Skip to main content

Follow-up from Jorge: Moving Down a Level

 Hi everyone! My co-author Jorge (please buy our book, Letters From the Inside: Hope in the Journey Beyond Classroom and Cell. All proceeds go to his family!) wanted to update you all about daily life in prison. The next couple blog posts will be from him! If you want to help his family out financially or write to him, please contact me!

I can't put photos of him or the prison so photo credit Sam C, a student who took some photos to evoke the feeling of prisons in various ways for this series.

~~~~~~~~~~~~~~~~~~~~~~~~~~~~~~~~~~~~~~~~~~~~~~~~~~~~~~~~~~~~~~~~~~~~~~~~~~~~~

It's crazy how things can be going really good then with a snap of a finger it can just change out of nowhere! July 29th, I landed on F-yard, which is a level 2, my first time ever experiencing a level 2. My whole time incarcerated I have been cell living and that's how I been doing my time for the past six years, so I didn't know any different. So dropping down a level was a big change for me.

When I got sent to F-yard because I moved down to level 2, all I knew was that instead of cells it was pods, and instead of two people in a cell, it was eight people per pod! So there were many things going through my head about this new environment. I didn't know what to expect. The first week on that yard, I felt really awkward. EVERYTHING is run differently, and of course because it's a level 2, you have more freedom! 

What I found crazy was the phone situation. Instead of an inmate coming cell to cell to sigh you up for phone calls, YOU sign yourself up. So like, around 2:30 pm, if you're not up there in line for calls, you will not get a night call. Those in line first usually aim for a night call so those are the ones who go quick. And of course you know who doesn't want to call their family at night time after their day is over and they are finally getting the chance to relax. I know I always wanted to make sure I had a night call!

Other than the phone situation, what I also found different was the cell cleaning! In cell living, since there are only two guys in a cell, you take turns. You'll do it at one time, then your celly would do it the next day. So it's not that bad, plus due to the fact that it's only two people and the cell isn't that big and as long as you know you're celled up with someone that is a clean person and has good hygiene you know no matter what when it's time to clean the cell, it's going to get cleaned.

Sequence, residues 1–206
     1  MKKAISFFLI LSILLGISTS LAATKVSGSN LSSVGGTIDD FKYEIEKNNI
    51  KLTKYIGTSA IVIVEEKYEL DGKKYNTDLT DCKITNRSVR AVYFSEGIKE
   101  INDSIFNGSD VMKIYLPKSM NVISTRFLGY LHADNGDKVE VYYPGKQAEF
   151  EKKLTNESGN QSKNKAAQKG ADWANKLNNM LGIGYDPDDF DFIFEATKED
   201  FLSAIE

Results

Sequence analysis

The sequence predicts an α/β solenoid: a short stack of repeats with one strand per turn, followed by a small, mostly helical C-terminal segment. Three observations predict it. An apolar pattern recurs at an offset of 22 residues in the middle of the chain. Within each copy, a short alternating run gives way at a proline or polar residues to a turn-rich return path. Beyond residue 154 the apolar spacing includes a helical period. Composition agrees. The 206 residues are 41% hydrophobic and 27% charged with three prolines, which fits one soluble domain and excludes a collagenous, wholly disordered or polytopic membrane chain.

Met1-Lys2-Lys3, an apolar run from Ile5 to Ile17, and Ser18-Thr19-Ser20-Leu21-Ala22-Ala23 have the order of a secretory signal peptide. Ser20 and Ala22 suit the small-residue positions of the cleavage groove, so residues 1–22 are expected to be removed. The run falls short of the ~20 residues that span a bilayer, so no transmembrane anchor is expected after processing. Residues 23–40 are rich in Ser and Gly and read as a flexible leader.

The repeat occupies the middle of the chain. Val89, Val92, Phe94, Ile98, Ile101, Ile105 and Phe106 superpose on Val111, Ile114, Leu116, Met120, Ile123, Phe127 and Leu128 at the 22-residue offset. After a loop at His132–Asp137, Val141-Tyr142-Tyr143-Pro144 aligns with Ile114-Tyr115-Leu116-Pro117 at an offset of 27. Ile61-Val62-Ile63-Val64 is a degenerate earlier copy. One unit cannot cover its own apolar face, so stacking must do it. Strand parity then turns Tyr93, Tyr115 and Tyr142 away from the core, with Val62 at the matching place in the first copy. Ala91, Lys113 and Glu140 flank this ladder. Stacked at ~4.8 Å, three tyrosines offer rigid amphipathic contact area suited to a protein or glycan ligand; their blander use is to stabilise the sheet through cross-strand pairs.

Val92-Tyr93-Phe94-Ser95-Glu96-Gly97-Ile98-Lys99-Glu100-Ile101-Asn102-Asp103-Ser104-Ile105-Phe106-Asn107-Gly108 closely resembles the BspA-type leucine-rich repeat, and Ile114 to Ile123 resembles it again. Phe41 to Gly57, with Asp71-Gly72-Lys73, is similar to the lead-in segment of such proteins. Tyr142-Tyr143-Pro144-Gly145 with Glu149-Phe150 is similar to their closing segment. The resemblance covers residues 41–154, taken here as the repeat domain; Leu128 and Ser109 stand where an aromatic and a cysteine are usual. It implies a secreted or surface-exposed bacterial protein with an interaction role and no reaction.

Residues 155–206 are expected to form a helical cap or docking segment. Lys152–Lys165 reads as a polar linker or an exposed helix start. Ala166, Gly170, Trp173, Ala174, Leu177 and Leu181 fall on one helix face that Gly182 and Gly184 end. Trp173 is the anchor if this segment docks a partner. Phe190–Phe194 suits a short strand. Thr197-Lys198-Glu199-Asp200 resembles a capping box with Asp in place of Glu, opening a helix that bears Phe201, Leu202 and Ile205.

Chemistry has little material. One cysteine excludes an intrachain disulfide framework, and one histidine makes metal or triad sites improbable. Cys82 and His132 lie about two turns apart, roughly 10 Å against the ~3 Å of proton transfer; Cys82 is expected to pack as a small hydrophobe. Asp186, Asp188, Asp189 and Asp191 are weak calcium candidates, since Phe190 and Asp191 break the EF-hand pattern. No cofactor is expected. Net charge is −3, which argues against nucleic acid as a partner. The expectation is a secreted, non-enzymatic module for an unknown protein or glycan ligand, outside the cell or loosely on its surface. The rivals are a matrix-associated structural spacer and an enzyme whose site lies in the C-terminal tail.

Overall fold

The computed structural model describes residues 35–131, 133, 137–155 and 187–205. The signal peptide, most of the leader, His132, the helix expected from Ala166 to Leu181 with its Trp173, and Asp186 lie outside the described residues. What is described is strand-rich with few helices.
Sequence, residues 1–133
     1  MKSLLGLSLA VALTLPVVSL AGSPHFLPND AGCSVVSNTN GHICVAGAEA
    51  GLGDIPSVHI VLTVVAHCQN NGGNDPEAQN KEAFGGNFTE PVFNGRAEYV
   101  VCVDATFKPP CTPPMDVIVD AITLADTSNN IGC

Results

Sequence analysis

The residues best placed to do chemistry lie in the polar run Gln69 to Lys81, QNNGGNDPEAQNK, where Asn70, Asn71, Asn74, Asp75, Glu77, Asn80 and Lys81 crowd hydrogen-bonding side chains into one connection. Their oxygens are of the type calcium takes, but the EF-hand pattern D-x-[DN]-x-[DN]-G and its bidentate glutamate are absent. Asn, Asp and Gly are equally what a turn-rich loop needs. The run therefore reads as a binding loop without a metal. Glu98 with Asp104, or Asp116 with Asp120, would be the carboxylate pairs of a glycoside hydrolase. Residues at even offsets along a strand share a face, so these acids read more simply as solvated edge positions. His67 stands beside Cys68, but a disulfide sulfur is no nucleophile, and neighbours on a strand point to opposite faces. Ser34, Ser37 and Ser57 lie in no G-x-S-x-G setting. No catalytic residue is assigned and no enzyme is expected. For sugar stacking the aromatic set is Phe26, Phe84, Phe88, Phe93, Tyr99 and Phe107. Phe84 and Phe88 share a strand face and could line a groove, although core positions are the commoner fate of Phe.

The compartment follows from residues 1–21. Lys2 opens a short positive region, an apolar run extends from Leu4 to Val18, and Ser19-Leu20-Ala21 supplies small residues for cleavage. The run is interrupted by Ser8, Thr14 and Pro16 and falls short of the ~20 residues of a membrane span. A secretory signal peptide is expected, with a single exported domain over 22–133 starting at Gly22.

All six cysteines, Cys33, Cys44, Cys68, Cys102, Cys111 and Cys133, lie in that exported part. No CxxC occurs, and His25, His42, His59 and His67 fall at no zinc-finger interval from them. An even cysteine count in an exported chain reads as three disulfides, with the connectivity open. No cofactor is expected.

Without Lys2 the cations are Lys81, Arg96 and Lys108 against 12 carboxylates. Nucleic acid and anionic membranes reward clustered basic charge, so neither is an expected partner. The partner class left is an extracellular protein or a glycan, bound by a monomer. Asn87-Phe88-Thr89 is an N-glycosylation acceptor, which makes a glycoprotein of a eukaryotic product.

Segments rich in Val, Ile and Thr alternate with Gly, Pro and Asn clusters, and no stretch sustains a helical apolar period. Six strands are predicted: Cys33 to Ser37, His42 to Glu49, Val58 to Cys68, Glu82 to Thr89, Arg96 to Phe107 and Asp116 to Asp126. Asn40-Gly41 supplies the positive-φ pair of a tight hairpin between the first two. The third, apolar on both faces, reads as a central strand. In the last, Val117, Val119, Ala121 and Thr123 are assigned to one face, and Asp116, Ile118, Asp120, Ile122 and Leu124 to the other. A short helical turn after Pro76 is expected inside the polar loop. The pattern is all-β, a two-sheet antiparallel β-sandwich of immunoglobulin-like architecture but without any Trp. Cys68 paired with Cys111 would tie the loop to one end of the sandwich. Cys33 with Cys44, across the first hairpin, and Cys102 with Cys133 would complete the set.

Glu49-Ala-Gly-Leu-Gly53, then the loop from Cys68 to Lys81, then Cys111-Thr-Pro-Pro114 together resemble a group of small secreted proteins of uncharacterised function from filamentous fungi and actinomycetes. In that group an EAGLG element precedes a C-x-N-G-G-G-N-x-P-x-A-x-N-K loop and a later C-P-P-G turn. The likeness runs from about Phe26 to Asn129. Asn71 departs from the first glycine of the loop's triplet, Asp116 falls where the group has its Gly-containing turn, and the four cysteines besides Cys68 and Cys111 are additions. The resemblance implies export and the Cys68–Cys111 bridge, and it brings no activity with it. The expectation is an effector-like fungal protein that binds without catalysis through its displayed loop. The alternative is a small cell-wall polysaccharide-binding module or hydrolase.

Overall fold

Now on a level 2, that's pod living with eight people including yourself, the cleaning becomes really difficult. Because most of the time not everything in your pod is clean and has good hygiene, which is expected. Then everyone in the pod has to establish some type of cleaning routine, where everybody has to contribute to clean at least one day of the week. Last but not least, not everybody is going to clean to your standards and most of the time it's because they're not clean with themselves so they don't care if they do a good job as long as it looks like they halfway did something and contributed to "cleaning," that's all that matters.

When it was my day, I would make sure I cleaned the whole pod and under everybody's bunks, but to be honest I cleaned every day because when it was another person's day, they wouldn't do it to my standards. So after that person was done cleaning, I'd go back and clean ONLY my area how I like it. 

I understand that everybody has their way of doing things. I don't expect people to do things to my standards, but if someone does something around my area and I feel it didn't get done the right way, I am going to go back and do it over to how I like things done because I have to live there. You know, I do everything in my area: eat, sleep, hang out, just everything. So I'm always going to make sure that MY area is always clean.

It took me a few weeks, but I adjusted to this new way of programming and to be honest, after getting the hang of everything, I was actually starting to like level 2! I was enjoying the freedom that you're given on a lower level. Your door to your pod gets popped open at 7 am all the way until 5 pm. You just have to shut it for like 30 minutes for count then it gets popped again from like 5:30 to 9:15 pm. So your door stays open all through the day if you need to maybe go and grab something from your friend in another pod, you can just head and grab it without thinking like the door is locked. P